Hi Nikki, sorry to hear of your diagnosis and glad you found our lovely forum where you can be supported by people who are in the same club which no one wanted to join. Your anxiety and irrational thoughts are completely normal straight after diagnosis but will settle once your treatment plan is in place. I had chest pains and heart racing due to anxiety and was convinced the cancer was spreading. These thoughts and reactions are all normal. With regard to the nhs I'd personally stick with it if I were you. I didn't feel things were moving fast enough at times but the nhs do have strict targets for the number of days from diagnosis to treatment. Once you enter the private system it can be hard to go back. There was a women on here a couple of months ago having difficulty with private health care keeping her waiting much longer than the nhs. Just make sure you stay in touch with your breast unit nurse and she will keep you posted on what's happening. If you feel you need support in navigating your way through the system you can contact McMillan who will support you if need be and there is also a PAL service within hospitals which you may want to look up. I'm 48 with stage 2 advanced BC including local nodes and on my 5th out if 8 chemos before surgery. I had a scan yesterday which confirmed my chemo is working at shrinking the lump and the nodes. Whew! I have found this forum really helpful. Once your treatment plan is in place you can join the relevant treatment threads on here to network with others going through the same treatments at the same time and get support for side effects and generally not feel so isolated. I wish you well as you start your journey. Xx
Oh my dear I wish I could give you a proper hug but a virtual one will have to do I am afraid. Perhaps the writing down is something for later on when you are ready to.
It really is stress that is causing you to feel like this, honestly it will get easier., unfortunately the anxiety monster takes over our rational thinking at times like this. Perhaps try some soup or the like that might be easier to swallow, I know it sounds mumsy but you really need to keep your strength up xxx
Whenever I get too stressed I lose my voice which apparently is as a result of my brain sending an incorrect signal to my larynx to close slightly. I do breathing exercises which helps it to settle down.
Have you thought about speaking with your GP and see if there is anything they can give you in the short term to help you?
Hi Nikki, sorry you have had to join us but a very warm welcome to you 😊 The shock of a diagnosis is horrendous and your feelings right now are completely normal! Every twinge and ache will send your mind in to over drive when in reality they are highly likely to be nothing to worry about .
The anxiety monster is just that a complete monster who can make you feel like you are drawing your last breath at times!!
Things do get easier, once you know exactly what is going to happen the anxiety starts to settle and you can think more rationally , at the minute it's all guess work and your poor brain is struggling to process it!!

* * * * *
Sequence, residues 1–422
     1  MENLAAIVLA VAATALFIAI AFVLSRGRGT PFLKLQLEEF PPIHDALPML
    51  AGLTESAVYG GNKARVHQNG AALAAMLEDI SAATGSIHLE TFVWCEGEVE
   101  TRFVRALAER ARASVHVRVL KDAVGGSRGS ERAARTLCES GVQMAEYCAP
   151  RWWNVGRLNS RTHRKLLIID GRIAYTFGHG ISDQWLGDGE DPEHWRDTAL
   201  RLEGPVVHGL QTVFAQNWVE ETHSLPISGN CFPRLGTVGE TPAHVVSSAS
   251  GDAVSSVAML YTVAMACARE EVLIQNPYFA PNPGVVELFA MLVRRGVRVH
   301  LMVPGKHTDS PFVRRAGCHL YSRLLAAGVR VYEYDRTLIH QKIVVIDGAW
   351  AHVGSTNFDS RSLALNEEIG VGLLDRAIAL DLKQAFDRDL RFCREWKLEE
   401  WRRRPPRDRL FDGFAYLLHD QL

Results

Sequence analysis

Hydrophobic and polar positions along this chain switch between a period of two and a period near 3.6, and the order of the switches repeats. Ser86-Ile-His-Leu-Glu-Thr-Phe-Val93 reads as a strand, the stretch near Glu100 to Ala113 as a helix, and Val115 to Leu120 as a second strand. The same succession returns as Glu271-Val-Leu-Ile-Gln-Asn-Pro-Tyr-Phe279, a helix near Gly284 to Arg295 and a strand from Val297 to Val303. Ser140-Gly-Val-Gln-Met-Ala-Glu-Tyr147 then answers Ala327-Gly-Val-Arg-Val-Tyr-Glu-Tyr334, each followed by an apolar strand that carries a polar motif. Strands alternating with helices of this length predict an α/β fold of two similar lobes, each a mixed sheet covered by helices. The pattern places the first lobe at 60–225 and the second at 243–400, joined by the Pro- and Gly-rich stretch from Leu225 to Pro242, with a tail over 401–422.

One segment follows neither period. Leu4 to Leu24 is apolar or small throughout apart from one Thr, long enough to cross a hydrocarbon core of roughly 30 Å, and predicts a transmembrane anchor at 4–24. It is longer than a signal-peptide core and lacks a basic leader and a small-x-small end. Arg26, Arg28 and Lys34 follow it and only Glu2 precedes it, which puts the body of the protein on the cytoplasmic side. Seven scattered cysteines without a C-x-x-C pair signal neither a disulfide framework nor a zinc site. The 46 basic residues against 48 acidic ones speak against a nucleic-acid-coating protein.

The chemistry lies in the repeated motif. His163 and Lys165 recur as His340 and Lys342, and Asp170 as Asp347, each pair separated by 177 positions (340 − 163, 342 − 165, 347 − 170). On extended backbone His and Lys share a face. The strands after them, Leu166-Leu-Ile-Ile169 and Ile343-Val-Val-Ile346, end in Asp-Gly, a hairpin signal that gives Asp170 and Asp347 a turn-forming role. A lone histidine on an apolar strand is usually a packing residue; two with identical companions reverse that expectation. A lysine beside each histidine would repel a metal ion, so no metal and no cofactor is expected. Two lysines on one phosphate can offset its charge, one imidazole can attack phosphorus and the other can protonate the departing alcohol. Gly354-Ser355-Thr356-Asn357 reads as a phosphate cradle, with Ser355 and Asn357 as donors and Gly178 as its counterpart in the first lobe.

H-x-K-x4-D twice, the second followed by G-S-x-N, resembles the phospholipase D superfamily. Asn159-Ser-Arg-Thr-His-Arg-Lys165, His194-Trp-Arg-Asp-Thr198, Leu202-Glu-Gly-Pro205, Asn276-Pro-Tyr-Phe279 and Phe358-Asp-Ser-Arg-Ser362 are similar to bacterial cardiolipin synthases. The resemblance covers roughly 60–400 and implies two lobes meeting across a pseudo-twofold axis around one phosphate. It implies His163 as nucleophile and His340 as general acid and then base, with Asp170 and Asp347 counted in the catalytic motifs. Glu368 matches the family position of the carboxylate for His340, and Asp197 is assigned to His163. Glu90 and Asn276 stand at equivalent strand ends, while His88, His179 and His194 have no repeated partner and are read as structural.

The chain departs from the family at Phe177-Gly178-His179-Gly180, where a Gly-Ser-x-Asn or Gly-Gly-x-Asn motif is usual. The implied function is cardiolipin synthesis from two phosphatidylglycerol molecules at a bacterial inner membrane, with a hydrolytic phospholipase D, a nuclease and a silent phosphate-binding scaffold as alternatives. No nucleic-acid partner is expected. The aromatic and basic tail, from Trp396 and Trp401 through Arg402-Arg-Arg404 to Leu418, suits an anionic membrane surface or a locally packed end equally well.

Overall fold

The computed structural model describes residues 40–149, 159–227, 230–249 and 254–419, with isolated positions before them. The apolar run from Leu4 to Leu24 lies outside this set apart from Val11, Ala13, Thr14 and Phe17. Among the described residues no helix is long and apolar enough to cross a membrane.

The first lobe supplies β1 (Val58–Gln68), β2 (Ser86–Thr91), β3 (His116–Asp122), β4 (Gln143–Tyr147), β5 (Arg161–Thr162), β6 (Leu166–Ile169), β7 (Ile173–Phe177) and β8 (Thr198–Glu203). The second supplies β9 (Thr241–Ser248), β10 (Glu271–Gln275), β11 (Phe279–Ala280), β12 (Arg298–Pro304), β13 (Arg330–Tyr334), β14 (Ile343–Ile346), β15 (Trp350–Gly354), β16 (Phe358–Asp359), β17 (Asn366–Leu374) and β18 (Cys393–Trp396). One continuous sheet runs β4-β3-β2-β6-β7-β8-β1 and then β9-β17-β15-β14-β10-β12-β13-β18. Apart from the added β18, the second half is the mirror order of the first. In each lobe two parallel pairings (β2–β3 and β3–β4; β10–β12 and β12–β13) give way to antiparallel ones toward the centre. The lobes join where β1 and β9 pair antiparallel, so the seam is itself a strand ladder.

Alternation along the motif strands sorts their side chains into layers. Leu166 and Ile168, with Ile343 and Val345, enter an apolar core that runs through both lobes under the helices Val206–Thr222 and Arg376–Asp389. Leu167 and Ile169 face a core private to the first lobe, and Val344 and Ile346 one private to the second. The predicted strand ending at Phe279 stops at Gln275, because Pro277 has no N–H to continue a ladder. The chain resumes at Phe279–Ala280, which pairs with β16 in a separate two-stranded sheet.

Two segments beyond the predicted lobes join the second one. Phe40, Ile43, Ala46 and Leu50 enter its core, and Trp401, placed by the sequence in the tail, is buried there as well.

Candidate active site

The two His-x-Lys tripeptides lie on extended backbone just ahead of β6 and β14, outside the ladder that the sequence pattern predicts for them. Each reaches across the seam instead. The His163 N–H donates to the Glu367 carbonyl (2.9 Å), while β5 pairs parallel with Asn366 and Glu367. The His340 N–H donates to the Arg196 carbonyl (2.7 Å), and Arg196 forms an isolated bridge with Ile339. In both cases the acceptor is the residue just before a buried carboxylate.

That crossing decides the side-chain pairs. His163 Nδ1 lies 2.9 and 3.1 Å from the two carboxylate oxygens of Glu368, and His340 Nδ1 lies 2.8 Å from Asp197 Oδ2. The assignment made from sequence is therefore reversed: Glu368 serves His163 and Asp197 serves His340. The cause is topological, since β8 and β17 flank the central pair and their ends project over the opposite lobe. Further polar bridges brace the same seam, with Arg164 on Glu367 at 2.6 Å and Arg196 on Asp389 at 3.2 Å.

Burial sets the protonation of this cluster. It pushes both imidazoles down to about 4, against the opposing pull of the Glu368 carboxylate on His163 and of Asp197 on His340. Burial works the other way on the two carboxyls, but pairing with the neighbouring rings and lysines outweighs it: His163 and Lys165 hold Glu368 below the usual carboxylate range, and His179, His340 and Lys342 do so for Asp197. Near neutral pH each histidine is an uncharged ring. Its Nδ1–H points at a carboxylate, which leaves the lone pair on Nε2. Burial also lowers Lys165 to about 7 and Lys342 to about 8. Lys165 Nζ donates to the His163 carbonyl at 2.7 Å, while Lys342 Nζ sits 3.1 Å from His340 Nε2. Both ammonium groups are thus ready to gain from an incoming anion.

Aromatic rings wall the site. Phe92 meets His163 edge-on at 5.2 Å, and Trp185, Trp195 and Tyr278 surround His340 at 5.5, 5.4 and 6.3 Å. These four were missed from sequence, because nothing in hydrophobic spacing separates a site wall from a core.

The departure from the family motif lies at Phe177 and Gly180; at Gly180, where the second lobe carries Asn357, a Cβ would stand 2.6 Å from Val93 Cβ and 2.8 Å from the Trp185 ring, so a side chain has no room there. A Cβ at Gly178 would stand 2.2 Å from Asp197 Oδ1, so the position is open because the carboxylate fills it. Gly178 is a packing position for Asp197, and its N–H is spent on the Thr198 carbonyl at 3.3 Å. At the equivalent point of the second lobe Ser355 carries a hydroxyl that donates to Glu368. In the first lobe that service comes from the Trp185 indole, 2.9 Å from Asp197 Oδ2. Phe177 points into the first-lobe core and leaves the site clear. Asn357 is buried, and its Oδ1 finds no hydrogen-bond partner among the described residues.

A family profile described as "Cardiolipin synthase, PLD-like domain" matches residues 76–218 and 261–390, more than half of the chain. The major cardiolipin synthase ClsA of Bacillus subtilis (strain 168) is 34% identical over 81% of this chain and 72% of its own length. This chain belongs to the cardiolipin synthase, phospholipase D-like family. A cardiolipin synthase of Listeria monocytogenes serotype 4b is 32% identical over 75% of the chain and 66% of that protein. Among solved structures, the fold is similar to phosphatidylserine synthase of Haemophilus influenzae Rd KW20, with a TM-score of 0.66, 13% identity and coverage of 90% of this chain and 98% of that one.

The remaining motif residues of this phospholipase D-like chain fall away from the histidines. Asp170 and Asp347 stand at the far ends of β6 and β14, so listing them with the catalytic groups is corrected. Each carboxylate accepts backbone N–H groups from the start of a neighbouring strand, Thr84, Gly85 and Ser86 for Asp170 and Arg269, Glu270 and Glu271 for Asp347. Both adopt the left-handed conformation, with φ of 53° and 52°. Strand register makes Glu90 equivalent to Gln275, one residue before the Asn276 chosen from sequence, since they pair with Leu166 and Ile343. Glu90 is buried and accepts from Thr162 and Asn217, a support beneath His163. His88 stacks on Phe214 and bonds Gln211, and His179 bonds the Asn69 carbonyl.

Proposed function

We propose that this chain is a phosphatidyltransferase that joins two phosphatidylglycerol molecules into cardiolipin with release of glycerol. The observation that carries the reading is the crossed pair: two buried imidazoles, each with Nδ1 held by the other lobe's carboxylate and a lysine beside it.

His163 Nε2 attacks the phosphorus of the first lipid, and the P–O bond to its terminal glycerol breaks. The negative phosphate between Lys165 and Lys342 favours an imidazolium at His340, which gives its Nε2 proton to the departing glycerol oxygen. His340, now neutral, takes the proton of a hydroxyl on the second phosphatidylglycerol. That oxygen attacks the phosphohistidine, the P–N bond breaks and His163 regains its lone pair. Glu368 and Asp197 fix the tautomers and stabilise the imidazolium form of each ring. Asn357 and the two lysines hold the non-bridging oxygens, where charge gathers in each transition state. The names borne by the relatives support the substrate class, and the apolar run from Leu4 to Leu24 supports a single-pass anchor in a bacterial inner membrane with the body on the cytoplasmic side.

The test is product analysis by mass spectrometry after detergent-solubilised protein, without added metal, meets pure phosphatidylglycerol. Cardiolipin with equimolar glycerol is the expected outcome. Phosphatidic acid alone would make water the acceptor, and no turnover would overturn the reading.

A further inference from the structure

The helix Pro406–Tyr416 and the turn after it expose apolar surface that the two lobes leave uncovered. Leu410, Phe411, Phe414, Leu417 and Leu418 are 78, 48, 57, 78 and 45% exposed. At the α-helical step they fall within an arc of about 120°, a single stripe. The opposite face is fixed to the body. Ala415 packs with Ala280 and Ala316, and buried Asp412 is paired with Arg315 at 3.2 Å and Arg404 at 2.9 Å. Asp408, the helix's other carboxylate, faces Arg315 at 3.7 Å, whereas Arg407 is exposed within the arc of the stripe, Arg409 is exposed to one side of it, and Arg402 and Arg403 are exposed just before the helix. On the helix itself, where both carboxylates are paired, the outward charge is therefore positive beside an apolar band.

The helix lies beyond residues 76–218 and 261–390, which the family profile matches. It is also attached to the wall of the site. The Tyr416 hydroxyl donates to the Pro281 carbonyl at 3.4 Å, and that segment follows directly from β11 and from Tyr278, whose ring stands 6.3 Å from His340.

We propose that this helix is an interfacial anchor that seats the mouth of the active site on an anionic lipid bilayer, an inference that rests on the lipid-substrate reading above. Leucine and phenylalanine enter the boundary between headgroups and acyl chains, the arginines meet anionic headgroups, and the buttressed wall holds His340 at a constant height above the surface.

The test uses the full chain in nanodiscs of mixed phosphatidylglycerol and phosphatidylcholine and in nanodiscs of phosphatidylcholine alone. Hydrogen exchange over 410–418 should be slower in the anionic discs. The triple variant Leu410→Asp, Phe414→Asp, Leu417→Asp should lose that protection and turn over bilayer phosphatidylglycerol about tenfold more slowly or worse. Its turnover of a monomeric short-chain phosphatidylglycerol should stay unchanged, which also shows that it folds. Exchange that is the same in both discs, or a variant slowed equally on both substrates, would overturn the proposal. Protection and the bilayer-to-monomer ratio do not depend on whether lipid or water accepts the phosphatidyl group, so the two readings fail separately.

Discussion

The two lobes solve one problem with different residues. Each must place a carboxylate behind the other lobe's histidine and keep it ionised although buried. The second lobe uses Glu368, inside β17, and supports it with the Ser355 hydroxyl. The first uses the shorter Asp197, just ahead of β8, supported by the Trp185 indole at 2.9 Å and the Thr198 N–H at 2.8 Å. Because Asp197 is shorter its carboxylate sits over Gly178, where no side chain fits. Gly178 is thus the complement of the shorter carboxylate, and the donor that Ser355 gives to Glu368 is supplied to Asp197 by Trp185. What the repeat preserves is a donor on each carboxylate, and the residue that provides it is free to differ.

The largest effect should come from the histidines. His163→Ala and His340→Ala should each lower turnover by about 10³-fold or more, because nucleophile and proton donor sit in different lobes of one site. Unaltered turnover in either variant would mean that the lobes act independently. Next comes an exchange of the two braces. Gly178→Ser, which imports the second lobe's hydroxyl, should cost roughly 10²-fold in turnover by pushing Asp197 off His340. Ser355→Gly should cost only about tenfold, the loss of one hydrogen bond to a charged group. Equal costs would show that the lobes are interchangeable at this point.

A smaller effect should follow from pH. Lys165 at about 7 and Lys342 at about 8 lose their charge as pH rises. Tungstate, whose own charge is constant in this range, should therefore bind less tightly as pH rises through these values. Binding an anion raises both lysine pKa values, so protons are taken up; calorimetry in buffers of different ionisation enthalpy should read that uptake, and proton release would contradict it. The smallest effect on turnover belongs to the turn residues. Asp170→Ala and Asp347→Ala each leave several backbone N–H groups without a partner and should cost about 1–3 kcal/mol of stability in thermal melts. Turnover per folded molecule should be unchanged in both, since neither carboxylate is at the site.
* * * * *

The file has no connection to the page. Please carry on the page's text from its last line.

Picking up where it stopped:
In my experience I was treated quicker on the NHS than I would have been using my private health insurance, they really do excel in this area and I couldn't have been better looked after , waiting is the hardest part but it's also necessary to get the full picture , dig deep and things will soon start to get easier Xx Jo
I dont know for sure about going privately and how it would affect your NHS journey so far, but what I would say is the NHS breast cancer care is second to none, the quality of treatment is amazing. I have absolutely nothing but praise for the treatment, care and attention I have received since my diagnosis in September last year.
Forget about the appointment with the oncologist for now it is in the future. Perhaps next week, when you are feeling up to it, you could call your breast care nurse and ask her about it, she will be able to let you know.
Also I found that a way of dealing with my diagnosis in the early days, was to write down all the stuff that was in my head, no matter how small, questions, thoughts whatever. The good thing about this is it is out of your head so its not running round in there but also it means that you will not forget something that you want to ask/get answers to.
Hello and welcome to this lovely forum full of wonderful ladies who will help and support you through this I promise xx
This is the worst time having had your initial diagnosis but still waiting for further investigations, but this is all so that they know exactly what they are dealing with and can tailor your treatment plan to you as they are all individual.
The way your are feeling at the moment, sicky with aches and pains, is usual borne out of fear and anxiety but once you know what is happening this will help, we have all been at that point so totally get you my dear You are having to take in a lot of scary information at the moment, I would suggest try to do some relaxing exercises when you feel overwhelmed and breaking everything done into small managable milestones not thinking too far ahead, so for example the next one is to deal with your CT scan itself and not think further than that at the moment. Try to go out with the kids and do nice things together that will take your mind off it.
There are lots of ladies on here who have had the same grade 3 diagnosis as you, have gone through the chemo and then had the lump removed so you are not alone and they will be able to support you and I am sure they will be along soon.
There is a wonderful helpline on here with lovely ladies who you will be able to talk when you need to, the number is 0808 800 6000.
Sending you a lovely hug and just remember we are all here for you whenever you need us. We have a pair of "virtual" tough pants which are winging their way to you and we will all be beside you.